Objects as narratives
Objects that are subject of speculative re-design can preferably be used to raise critical, provocative or speculative ideas to reach results not possible to find with traditional methods.
“If I had asked people what they wanted, they would have said faster horses.”Henry Ford
Applying a speculative re-design to existing objects, and work with interactive and reactive behaviours, allow us to explore the objects as narratives that often result in unexpected social consequences. This in turn raises questions and spark debates about interesting and important topics within the society and our everyday life situations.
Illustrations made from originals by Nicolas Gaudron (electric bath duck) and Jacques Carelman (coffeepot for masochists and tennis basket-ball).
Reflection through interaction
Can re-designed personal objects reinforce young people’s awareness about energy consumption and stimulate a change of their energy behaviour in everyday life? Maybe by giving their personal objects a speculative re-design, which provocative nature suits well in order to achieve reflection through interaction, preferably over a longer period of time to change existing attitudes and behaviours regarding their energy use and consumption.
An investigation was carried out in form of a design project, where the exercise in design methodology played an equal important role as the actual outcome from the design project. Many new and non-traditional design methods were used and explored in a both dynamic and reflective design process.
The design project resulted in three themes of conceptual design proposals, represented by sketches and mock-ups without technical functionality, which all exemplifies how existing personal objects can be re-designed in order to raise energy awareness among young people.
Concept and working prototypes were developed in my Master thesis in interaction design at IT University of Gothenburg.
The bragging beanie describes how a modern accessory can be used to measure physical activity and communicate with the environment. Bragging based on performance takes place in many competitive situations and the aim of the beanie is to emphasize this behaviour.
The idea behind the beanie is to capture the speed in which a person is moving and represent this by changing the look of the beanie. The beanie will store and present the top speed that was accomplished. The bragging beanie talks for itself and attracts lots of admirers and makes the carrier of the beanie the centre of attention.
A working prototype was developed in form of a thermo coloured beanie that indicates a number of lines depending on how fast the carrier is moving. More lines represent a faster speed. With signals from a GPS, power from a battery and control by a microcomputer, the bragging beanie communicates with the environment.
Concept and working prototype was developed in collaboration with Helena Dahl, Martin Dalqvist, Yael Katzenellenbogen and Anna Olvenmyr.
Cans of confessions
The Cans of confessions illustrate how tangible user interfaces can, combined with a well-known metaphor, create a new interactive experience. Cans of confessions consist of black, velvet dressed cans that can be in one of two modes ‐ empty or full.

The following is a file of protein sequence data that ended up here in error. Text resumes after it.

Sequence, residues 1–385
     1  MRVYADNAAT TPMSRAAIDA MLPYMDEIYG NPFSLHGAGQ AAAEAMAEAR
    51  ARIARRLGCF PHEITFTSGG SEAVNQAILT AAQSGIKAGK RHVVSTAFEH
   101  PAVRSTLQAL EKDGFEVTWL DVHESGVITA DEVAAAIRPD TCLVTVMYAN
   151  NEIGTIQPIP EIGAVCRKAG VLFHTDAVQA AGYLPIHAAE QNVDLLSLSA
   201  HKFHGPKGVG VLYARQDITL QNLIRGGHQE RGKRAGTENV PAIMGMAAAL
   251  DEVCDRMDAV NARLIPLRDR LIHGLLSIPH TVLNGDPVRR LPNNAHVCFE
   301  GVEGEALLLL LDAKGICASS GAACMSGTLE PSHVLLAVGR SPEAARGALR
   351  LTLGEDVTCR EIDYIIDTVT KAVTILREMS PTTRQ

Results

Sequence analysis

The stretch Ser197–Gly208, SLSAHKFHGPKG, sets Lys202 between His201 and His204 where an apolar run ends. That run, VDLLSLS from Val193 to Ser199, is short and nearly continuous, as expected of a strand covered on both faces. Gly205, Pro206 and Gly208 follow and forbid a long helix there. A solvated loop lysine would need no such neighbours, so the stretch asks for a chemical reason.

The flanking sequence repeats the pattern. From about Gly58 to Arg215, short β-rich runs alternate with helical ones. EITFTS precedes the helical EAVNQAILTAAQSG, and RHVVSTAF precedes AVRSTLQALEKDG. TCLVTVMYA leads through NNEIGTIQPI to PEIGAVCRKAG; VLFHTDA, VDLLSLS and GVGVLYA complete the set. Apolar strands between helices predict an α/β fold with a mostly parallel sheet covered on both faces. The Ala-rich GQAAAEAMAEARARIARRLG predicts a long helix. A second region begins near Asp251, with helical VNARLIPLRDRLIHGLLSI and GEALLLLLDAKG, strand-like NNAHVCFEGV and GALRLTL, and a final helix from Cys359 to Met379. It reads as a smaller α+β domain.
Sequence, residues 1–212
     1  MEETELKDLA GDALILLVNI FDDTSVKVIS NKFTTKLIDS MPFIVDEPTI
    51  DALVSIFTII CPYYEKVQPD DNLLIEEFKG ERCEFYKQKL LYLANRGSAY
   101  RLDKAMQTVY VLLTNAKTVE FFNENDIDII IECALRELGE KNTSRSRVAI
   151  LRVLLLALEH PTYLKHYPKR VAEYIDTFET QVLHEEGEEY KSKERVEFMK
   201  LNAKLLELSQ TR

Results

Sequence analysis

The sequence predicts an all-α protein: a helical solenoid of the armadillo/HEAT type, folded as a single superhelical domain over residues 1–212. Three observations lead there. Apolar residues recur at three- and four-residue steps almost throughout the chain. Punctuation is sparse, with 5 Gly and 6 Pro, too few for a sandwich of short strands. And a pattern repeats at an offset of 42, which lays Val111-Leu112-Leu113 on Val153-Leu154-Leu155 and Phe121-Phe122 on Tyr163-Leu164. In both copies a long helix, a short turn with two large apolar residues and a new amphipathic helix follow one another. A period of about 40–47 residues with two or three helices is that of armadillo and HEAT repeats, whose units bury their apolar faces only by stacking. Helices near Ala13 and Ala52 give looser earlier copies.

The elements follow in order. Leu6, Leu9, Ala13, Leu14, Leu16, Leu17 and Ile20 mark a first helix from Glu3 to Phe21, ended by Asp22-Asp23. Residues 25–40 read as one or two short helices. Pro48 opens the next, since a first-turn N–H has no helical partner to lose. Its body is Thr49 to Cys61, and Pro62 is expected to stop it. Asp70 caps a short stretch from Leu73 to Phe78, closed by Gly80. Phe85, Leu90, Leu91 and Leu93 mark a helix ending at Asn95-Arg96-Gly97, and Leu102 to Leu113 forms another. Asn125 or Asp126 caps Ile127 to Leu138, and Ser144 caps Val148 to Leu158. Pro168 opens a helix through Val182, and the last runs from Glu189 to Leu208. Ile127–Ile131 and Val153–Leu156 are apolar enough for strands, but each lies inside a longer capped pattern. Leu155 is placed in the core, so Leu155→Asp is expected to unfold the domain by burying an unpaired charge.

If the cans are empty, the user can take of the lid and leave a confession by speaking into the can and then put the lid back on. When the can contains a message, the user can listen to the confession by eavesdropping with the lid on or by removing the lid.
The user can forgive a confession by turning the can upside down with the lid off and shake it a couple of times. This will release the confession and implicitly forgive the person who made the confession. After the lid can be put back on and be used over again.
Working prototypes were developed by using empty metal cans, microcontrollers, chips to store sound, microphones, loudspeakers, velvet fabrics, diods and accelerometers. Software for the microcontroller was written in order to control the interaction.
Concept and working prototypes were developed in collaboration with Tomas Andersson, Yael Katzenellenbogen and Anna Olvenmyr.
Your personality is unique
How can we inspire both children and adults to wear a bicycle helmet?
Using a bicycle helmet saves hundreds of lives every day; still too few put them on. This is my contribution in form of a poster (originally in combination with small pins, not shown here) that aims to trigger a chain of thoughts in the head of the viewer.
Wouldn't it be cool to show and emphasise a part of my personality through the helmet? How would it look like for other celebrities?
Concept and illustration was developed during an evening class in graphical design at Forsbergs skola in Gothenburg.
Who is this guy?
I am Mattias Ludvigsson, a senior user experience designer who likes to design stuff. I work at a consultancy company in Sweden where my assignments include responsibility for the complete user experience covering high level concepts, information architecture, interaction design and usability.
Currently I create user experiences for mobile apps and responsive web solutions.
Key skills include analytical and conceptual thinking - coupled with a strong creative direction and a holistic perspective. I have always been in love with conceptual design that explores and challenges our minds with new ideas. On this site I share some of my own ideas.
Concept, illustrations, design, responsive coding of this site was actually done by myself. :D
Get in contact
Feel free to contact me anytime!